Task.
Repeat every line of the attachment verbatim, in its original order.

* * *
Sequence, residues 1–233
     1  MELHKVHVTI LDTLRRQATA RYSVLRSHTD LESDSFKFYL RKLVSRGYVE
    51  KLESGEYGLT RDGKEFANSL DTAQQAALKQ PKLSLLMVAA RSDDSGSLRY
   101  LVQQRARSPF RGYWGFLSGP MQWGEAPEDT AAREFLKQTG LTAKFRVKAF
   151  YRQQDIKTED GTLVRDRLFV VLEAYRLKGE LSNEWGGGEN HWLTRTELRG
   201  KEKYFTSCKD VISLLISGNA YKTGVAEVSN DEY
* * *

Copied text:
Sequence, residues 1–233
     1  MELHKVHVTI LDTLRRQATA RYSVLRSHTD LESDSFKFYL RKLVSRGYVE
    51  KLESGEYGLT RDGKEFANSL DTAQQAALKQ PKLSLLMVAA RSDDSGSLRY
   101  LVQQRARSPF RGYWGFLSGP MQWGEAPEDT AAREFLKQTG LTAKFRVKAF
   151  YRQQDIKTED GTLVRDRLFV VLEAYRLKGE LSNEWGGGEN HWLTRTELRG
   201  KEKYFTSCKD VISLLISGNA YKTGVAEVSN DEY